Can the Way You Communicate Derail Your Career?


Discover the 4 Major Don’ts of Communication

Most people think that career advancement is only associated with professional experience and education. However, that couldn’t be further from the truth. How you behave and, especially, how you communicate can determine your success. 

Unfortunately, effective communication courses are not a part of most education programs, although they should be. Communicating effectively has a direct correlation to how well you will do in your career and in life. 

The way we interact with others will help us build or break relationships and, by extension, opportunities. 

So, if you feel like you have the right experience and education, yet your career is stalling, maybe the way you communicate is the culprit. 

Effective Communication Skills

Every individual has their own intricate personality and way of expressing themselves (even not saying anything at all can become a form of communication in some cases). 

However, regardless of your personality type, there are ways of communicating that increase the chances of misunderstandings or even conflict. The good news is that, like most things in life, effective communication skills can be learned. 

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Meanwhile, here is a list of mistakes to avoid when communicating at work.

The 4 Don’ts of Communication

#1 – Don’t Listen Only to Reply

Communication is a two-way street. In business, like in life, you should listen to understand, not to reply. The worst communicators will make assumptions or even interrupt before taking the time to listen and understand the whole message. 


  • Listen and understand before you speak or write
  • Investigate, ask the speaker to elaborate
  • Paraphrase and restate the message

#2 – Don’t Underestimate the Power of Words

The expression says it best: “choose your words wisely”. 

Words have the power to lift your audience up or tear it down. Being vigilant with our choice of words can ensure that what we intend to communicate actually comes out right. 

The worst communicators tend to be vague or use a negative language to express themselves. 

Using the wrong words to express yourself can lead to misunderstandings and conflict. Certain words can trigger a negative reaction in the mind of the receiver. Negative language can be blaming, demanding or emphasizes on what can’t be done.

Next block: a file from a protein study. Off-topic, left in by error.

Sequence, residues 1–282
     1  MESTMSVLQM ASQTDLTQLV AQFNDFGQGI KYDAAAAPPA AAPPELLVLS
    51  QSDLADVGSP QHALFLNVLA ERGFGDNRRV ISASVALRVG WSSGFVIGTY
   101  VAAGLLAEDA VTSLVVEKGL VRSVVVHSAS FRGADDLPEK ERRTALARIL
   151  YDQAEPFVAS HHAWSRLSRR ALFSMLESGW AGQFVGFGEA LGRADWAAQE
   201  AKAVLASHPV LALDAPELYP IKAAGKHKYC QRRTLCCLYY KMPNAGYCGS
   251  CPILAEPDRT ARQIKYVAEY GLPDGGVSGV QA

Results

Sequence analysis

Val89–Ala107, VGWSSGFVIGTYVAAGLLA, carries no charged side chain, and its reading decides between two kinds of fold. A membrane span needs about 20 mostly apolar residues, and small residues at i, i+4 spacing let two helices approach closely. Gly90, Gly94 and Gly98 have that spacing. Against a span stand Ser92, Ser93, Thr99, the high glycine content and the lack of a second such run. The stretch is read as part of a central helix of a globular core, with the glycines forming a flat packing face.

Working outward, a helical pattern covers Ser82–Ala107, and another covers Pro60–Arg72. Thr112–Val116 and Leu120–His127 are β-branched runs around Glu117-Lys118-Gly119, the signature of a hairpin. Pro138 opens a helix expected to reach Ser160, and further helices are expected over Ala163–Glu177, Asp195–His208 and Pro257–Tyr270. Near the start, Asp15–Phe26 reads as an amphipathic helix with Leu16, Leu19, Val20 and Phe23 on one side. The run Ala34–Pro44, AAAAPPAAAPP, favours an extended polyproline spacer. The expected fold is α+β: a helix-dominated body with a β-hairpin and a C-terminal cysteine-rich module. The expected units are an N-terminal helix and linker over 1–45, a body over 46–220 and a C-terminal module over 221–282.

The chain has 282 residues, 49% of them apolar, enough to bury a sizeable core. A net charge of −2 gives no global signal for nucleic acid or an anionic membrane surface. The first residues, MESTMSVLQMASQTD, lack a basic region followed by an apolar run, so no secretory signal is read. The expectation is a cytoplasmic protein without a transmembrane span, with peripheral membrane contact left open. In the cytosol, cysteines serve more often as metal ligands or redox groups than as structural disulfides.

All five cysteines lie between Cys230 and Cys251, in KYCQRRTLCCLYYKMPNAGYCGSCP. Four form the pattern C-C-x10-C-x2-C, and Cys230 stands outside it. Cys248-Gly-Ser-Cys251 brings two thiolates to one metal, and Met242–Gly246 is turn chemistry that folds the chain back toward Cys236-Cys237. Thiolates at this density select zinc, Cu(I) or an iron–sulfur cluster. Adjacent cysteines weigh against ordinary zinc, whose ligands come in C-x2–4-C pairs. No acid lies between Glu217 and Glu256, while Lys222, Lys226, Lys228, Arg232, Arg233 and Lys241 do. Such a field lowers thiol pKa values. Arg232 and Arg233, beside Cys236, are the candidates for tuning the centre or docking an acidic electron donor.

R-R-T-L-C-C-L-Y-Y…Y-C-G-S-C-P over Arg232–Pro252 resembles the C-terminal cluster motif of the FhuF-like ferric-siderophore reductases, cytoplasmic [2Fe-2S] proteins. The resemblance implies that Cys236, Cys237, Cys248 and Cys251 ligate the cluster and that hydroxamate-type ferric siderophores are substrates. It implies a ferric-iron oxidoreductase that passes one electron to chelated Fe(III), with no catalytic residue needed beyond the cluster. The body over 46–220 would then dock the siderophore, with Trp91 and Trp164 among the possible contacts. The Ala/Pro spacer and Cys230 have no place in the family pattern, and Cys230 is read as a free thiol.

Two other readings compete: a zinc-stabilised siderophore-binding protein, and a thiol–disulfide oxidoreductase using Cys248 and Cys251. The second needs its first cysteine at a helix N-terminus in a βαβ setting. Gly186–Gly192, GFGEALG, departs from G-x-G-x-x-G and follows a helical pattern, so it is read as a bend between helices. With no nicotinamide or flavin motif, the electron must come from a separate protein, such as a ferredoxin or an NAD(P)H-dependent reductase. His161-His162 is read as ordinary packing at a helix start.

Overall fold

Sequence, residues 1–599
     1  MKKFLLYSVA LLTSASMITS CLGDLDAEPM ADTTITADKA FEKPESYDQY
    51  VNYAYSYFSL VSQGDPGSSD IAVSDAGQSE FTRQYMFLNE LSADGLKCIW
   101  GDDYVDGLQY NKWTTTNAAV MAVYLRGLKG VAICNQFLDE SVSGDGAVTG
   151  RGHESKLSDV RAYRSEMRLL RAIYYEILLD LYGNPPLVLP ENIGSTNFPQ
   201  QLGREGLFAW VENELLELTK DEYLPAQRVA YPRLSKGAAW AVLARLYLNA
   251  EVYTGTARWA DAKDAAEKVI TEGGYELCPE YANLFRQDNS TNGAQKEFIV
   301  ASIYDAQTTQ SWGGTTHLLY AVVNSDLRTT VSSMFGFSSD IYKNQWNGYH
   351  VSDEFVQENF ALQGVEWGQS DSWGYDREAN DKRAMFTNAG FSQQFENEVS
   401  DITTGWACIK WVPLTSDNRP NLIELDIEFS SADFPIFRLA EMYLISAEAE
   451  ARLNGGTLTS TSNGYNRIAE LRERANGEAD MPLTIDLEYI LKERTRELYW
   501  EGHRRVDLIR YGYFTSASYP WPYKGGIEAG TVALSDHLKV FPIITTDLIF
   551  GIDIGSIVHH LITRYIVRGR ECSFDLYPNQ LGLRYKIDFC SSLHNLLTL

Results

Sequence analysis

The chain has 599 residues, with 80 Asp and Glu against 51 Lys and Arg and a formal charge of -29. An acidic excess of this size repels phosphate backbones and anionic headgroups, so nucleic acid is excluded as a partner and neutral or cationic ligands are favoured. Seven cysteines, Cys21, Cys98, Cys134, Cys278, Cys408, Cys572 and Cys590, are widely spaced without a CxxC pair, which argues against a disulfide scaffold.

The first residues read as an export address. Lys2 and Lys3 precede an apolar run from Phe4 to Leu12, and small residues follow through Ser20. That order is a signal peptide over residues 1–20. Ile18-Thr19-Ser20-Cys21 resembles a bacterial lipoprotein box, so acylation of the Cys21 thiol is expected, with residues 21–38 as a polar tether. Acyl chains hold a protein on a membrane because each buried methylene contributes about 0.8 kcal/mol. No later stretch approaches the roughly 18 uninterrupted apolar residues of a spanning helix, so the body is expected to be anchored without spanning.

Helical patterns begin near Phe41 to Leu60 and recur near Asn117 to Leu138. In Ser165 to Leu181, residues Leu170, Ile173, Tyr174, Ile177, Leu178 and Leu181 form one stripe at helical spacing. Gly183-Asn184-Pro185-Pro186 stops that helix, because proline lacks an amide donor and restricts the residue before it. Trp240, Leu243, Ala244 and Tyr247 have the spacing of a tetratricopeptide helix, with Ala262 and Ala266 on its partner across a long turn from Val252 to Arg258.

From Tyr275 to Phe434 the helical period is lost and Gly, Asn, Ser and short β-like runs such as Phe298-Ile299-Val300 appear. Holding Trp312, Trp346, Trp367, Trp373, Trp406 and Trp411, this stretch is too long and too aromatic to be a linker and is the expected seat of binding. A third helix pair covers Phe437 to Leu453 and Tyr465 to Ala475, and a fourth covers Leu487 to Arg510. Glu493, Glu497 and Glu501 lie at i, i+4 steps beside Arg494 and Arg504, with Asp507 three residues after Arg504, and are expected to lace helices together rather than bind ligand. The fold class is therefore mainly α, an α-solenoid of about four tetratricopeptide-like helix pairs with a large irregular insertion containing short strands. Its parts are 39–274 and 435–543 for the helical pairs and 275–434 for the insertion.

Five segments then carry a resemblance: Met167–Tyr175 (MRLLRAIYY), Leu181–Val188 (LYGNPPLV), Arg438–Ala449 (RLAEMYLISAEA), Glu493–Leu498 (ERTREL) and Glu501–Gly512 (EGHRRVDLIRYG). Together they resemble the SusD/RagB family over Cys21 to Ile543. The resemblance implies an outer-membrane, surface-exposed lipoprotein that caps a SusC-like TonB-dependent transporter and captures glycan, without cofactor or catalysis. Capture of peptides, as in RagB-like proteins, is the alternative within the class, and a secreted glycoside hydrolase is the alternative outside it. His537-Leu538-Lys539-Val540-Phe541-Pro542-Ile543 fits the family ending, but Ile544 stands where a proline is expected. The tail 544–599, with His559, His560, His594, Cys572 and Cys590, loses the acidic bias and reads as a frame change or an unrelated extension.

• Think ahead about what you are going to say 
  • Use clear words
  • Avoid using unnecessary jargon 
  • Choose inclusive language (e.g. use “we” instead of “you” vs “me”)  
  • Choose positive language that focuses on the future, provides choices and emphasizes on what can be done. 

#3 – Don’t Ramble

Many people ramble for different reasons; because they are nervous, intimidated, unsecure or unprepared. Regardless of the reason why they ramble, their point quickly gets drowned out by all the fluff or powerless language that surrounds what they actually want to say. 

Rambling during a meeting or a presentation increases your chances of losing the listener’s interest, accidentally disclosing too much information or even looking unprepared and unprofessional.   

Overusing powerless language is also a form of ranting. Powerless language is excessively polite to the point that it can make the speaker seem powerless, uncertain or hesitant. 

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An example of this would be: “I’m sorry, I hope that I am not bothering you, I know how busy you are, but I was thinking that, if you are interested, maybe…” 

This type of introduction to whatever the speaker is awkwardly trying to ask would only frustrate the busy listener. 


  • Have a clear idea of the point you are trying to make before you start talking or writing 
  • Be concise and stick to one point at a time 
  • Take an occasional pause to quickly reorganize your thoughts
  • Mention only necessary details 

#4 – Don’t Send the Wrong Message

You don’t only communicate with words. Non-verbal communication is also key. 

Your overall behaviour, from your posture, your facial expressions, your tone of voice, the gestures you make or even the space you leave between you and your listener are all cues that send specific messages. 

Your body language can put people at ease and build trust, but it also offend, confuse or even undermine the message you are trying to deliver. 

Many people are so busy focusing on the message that they want to convey that they remain at the center of their own thoughts, neglecting to see that the listener is not comfortable, trying to reply or, worse, completely uninterested.  


  • Focus your attention on your listener 
  • Learn to recognize the clues that demonstrate your listener is at ease and is interested in what you are saying 
  • Make eye contact 
  • Keep track of your body language and your actions while you are conveying your message

Effective communication can be learned by anyone. Often, all it takes is to become aware of our way of communicating and making a few changes to improve the way our message is conveyed. 

If you are having trouble getting your message across or if you feel you are often misunderstood or unheard, consider signing up for a communication course. Improving your communication skills will be an invaluable investment in your professional and personal life.